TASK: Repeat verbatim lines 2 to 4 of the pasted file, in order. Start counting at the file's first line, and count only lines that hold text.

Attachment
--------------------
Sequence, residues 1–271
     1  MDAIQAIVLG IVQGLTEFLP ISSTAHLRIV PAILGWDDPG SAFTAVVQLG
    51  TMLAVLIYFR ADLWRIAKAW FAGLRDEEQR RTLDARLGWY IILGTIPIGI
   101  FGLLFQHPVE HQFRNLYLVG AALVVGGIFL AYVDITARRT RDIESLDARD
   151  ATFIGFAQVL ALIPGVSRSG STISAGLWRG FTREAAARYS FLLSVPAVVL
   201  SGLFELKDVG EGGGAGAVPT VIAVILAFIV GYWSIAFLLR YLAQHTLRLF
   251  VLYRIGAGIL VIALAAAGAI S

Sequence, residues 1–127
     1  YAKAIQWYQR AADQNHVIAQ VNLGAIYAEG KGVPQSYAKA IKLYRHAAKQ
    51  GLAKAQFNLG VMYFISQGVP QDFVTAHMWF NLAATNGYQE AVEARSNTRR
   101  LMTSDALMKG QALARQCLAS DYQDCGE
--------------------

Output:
     1  MDAIQAIVLG IVQGLTEFLP ISSTAHLRIV PAILGWDDPG SAFTAVVQLG
    51  TMLAVLIYFR ADLWRIAKAW FAGLRDEEQR RTLDARLGWY IILGTIPIGI
   101  FGLLFQHPVE HQFRNLYLVG AALVVGGIFL AYVDITARRT RDIESLDARD